Have you ever walked into a room that was exclusively designed to take a life? A room where fewer living beings exited than had entered? Until August 8, 2010 I had not.
The Louisiana State Penitentiary at Angola is the largest maximum security penal complex in the United States.
It covers over 28 square miles and currently houses over 6,500 inmates and 1,800 staff. It is naturally secure in that it is surrounded on three sides by the Mississippi River and the inhospitable insect, snake, and alligator infested swamps that precede the river’s edge and surround the prison. As we were to learn, over 95% of the inmates inhabiting Angola will not live to see freedom.
Angola was founded in 1830 as one of 6 plantations owned by Isaac Franklin. Franklin’s wealth came from his establishment in 1828 of the firm Franklin & Armfield, the largest slave trading company in America. Angola remained a plantation until 1880 when it was sold to former Confederate States of America officer, Samuel L. James who had been leasing prison labor in Louisiana since 1869. James was unable to run the plantation profitably with paid labor, but he could do so by utilizing leased prison laborers (mostly Black) from the State of Louisiana.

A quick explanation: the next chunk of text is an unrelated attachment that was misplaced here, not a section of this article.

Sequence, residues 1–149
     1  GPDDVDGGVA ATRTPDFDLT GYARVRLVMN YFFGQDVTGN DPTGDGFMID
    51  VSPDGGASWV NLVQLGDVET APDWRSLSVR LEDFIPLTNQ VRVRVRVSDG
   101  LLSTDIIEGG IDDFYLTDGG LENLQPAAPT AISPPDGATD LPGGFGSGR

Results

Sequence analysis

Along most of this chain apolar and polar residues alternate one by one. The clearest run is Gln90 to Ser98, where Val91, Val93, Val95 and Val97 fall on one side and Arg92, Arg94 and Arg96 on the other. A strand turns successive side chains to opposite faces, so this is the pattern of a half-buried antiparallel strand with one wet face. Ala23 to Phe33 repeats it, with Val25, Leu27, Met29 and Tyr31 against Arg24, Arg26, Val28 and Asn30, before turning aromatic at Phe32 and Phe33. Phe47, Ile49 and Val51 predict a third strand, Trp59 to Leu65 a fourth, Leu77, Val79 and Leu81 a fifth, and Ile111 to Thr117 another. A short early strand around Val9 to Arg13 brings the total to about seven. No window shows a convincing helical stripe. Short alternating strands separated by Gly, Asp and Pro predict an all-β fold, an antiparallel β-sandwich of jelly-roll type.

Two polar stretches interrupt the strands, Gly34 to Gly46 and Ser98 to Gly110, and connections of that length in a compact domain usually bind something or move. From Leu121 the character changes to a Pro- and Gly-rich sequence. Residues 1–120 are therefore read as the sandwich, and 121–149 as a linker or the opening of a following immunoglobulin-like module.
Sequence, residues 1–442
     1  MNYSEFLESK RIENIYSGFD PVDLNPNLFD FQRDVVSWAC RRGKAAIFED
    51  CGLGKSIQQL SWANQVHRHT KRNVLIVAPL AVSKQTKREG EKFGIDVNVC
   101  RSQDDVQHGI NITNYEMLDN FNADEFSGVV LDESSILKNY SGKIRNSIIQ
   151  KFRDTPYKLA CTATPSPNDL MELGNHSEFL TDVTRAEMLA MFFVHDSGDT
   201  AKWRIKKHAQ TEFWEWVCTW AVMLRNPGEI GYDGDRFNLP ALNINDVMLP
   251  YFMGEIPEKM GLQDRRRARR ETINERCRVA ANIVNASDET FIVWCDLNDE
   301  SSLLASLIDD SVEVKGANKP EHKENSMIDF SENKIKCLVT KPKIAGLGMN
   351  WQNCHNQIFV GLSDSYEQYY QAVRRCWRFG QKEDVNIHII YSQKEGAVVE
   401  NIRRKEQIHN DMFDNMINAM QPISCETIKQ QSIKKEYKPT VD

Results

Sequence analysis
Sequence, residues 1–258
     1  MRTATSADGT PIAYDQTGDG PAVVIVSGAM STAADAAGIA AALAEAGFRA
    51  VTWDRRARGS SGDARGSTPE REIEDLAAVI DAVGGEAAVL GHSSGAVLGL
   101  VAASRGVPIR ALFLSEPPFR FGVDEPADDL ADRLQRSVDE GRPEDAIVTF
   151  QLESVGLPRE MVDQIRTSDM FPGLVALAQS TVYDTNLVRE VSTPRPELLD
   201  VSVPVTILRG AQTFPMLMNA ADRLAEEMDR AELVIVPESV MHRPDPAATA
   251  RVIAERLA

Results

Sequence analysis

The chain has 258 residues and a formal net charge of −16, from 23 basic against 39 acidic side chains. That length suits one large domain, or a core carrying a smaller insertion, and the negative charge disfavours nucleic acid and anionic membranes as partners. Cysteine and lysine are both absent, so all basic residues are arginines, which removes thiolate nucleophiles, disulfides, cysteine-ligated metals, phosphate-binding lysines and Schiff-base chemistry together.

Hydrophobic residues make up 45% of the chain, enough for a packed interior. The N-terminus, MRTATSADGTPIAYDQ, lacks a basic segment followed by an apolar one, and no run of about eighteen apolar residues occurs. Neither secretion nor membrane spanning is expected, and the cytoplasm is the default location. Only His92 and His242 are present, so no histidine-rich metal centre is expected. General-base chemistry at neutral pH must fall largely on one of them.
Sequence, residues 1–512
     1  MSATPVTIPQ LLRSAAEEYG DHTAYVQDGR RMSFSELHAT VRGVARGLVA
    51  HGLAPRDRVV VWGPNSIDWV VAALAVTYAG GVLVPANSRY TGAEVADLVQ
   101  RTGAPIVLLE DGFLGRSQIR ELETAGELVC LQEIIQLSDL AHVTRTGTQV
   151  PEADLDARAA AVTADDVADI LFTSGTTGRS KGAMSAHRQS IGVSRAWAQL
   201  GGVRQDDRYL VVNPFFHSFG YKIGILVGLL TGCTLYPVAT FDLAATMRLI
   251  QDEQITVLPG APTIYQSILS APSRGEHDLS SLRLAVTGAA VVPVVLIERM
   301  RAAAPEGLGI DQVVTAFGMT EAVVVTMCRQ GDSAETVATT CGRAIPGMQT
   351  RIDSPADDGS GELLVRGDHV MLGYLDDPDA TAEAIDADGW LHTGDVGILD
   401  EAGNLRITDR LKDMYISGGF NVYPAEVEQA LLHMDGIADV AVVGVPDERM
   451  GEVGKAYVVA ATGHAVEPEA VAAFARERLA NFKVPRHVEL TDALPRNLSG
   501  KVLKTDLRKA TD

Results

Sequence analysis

Post-Civil War Louisiana and other Southern states found that they could recreate a slave labor force by implementing a convict leasing program which was primarily targeted at the Black male population. Arrested for minor infractions, a defendant who could not pay the fine was pressed into convict servitude. Plantations and businesses leased the inmates for a fee and became responsible for the convict’s housing and necessities. At one point in the late 1800’s, over 70% of the State of Alabama’s annual operating revenues were derived from this system. Convict leasing was abolished in 1941 by President Franklin D. Roosevelt.
Samuel L. James’ extensive use of leased convicts in the late 1800’s effectively created the Angola Penitentiary. This was formalized in 1901 when the plantation was officially acquired by the Louisiana Department of Corrections.